Biden’s Shot Across the Bows for the World’s Shipping Lines
Of the many industries accused this month by US President Joe Biden of being dominated by a handful of firms, few have had their fortunes transformed so dramatically during the pandemic as container shipping.
Matthew Thomas, partner at law firm Blank Rome who formerly served as assistant general counsel for international affairs at the FMC, stresses that detention and demurrage charges have been a contentious issue between carriers and shippers for a long time. He doubts whether the executive order will have a “significant, substantive impact”, however, as it does not grant the FMC any extra powers to stop excess fees from being charged.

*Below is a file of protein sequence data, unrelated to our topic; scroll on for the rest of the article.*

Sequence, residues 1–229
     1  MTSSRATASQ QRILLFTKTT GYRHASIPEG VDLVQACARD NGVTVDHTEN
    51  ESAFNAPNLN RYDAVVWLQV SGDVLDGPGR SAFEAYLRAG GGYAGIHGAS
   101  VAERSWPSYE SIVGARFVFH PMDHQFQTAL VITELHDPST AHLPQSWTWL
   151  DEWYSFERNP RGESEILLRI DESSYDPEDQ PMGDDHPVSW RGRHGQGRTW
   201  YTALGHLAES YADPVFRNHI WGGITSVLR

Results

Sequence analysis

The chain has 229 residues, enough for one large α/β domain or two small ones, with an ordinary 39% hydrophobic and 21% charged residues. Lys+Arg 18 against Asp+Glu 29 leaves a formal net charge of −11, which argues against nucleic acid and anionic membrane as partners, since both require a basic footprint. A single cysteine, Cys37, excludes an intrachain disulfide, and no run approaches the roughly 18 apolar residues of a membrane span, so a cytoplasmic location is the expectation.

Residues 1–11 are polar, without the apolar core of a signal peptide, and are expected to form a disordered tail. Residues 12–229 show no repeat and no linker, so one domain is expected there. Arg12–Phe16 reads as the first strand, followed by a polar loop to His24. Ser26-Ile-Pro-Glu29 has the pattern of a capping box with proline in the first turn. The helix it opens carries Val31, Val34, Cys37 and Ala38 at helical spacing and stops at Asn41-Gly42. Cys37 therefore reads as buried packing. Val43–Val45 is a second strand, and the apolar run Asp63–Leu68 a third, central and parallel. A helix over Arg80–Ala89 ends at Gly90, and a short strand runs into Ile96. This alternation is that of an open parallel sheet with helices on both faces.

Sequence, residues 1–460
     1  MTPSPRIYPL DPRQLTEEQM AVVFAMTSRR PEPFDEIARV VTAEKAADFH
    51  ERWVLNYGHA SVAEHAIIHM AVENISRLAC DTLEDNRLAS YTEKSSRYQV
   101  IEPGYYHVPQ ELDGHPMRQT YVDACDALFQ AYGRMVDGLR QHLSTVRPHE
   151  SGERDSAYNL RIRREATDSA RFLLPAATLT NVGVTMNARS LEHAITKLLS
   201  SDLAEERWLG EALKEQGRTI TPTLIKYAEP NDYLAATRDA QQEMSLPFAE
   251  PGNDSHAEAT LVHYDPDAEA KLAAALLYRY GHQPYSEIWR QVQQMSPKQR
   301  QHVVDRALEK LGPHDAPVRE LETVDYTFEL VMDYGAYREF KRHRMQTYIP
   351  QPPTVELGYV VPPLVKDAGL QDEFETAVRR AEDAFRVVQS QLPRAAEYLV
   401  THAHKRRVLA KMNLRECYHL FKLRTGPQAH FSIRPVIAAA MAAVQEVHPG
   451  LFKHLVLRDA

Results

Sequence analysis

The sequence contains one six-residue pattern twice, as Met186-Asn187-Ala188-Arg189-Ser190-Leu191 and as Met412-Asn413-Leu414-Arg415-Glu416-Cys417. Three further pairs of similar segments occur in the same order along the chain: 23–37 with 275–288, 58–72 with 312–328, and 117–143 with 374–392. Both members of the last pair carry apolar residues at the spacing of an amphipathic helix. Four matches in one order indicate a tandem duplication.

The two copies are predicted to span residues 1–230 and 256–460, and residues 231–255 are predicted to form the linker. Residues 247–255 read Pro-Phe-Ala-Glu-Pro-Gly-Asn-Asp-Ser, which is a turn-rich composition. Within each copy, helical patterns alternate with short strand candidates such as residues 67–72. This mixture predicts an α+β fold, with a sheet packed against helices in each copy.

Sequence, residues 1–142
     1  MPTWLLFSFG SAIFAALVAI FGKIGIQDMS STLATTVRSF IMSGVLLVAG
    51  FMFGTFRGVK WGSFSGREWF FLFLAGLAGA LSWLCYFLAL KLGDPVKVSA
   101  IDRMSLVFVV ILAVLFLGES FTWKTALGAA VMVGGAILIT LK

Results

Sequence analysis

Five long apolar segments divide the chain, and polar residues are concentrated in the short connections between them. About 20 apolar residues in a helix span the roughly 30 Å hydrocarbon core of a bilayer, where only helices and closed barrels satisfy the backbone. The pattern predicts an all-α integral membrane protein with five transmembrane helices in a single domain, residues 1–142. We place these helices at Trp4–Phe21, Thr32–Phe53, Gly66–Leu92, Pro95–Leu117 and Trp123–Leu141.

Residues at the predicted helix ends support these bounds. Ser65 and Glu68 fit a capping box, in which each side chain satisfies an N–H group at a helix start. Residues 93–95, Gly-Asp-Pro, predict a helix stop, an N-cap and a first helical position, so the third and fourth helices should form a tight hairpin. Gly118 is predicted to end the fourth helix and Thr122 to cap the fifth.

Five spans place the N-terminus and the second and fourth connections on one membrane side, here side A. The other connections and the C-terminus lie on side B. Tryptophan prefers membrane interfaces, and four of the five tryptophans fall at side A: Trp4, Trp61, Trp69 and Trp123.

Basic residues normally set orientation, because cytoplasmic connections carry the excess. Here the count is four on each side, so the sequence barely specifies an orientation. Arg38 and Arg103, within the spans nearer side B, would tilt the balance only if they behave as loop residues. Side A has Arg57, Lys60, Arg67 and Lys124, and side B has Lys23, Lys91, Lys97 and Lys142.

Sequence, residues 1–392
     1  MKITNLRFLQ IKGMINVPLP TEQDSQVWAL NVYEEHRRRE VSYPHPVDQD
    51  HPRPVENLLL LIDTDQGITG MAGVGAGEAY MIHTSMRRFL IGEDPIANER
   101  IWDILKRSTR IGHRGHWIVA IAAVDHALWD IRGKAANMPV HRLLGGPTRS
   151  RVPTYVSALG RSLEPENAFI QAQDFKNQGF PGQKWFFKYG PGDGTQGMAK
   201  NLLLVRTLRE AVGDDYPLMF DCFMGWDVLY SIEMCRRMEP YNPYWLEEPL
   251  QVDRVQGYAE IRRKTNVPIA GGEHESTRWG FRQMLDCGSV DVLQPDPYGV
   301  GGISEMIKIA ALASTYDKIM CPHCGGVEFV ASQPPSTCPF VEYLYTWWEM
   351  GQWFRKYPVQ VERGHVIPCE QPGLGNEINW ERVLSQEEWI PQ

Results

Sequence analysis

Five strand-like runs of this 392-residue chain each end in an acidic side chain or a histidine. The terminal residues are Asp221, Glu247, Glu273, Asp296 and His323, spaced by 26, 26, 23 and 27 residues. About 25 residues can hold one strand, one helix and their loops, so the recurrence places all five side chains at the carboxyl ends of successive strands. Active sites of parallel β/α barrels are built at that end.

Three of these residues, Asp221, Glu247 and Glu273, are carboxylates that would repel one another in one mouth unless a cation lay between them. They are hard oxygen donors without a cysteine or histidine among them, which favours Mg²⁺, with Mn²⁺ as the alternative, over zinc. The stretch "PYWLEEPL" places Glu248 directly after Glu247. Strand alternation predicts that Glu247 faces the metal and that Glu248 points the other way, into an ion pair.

“Ten global competitors is not an oligopoly,” Thomas said. The detention and demurrage charges, he argued, were a response to market conditions, not an outgrowth of an elimination of competition.
“[The executive order] invites the FMC to do what it has been doing for the last few years,” Thomas added, leaving shipping liners’ freedom to co-operate on rate guidelines intact thanks to exemptions from normal restrictions on what information can be exchanged. “The order can’t really broaden or change the FMC’s underlying authority or jurisdiction — this is more of an exhortation for them to enforce their own rules.”
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“Biden’s Shot Across the Bows for the World’s Shipping Lines,” by George Steer was published in the Financial Times on July 19, 2021.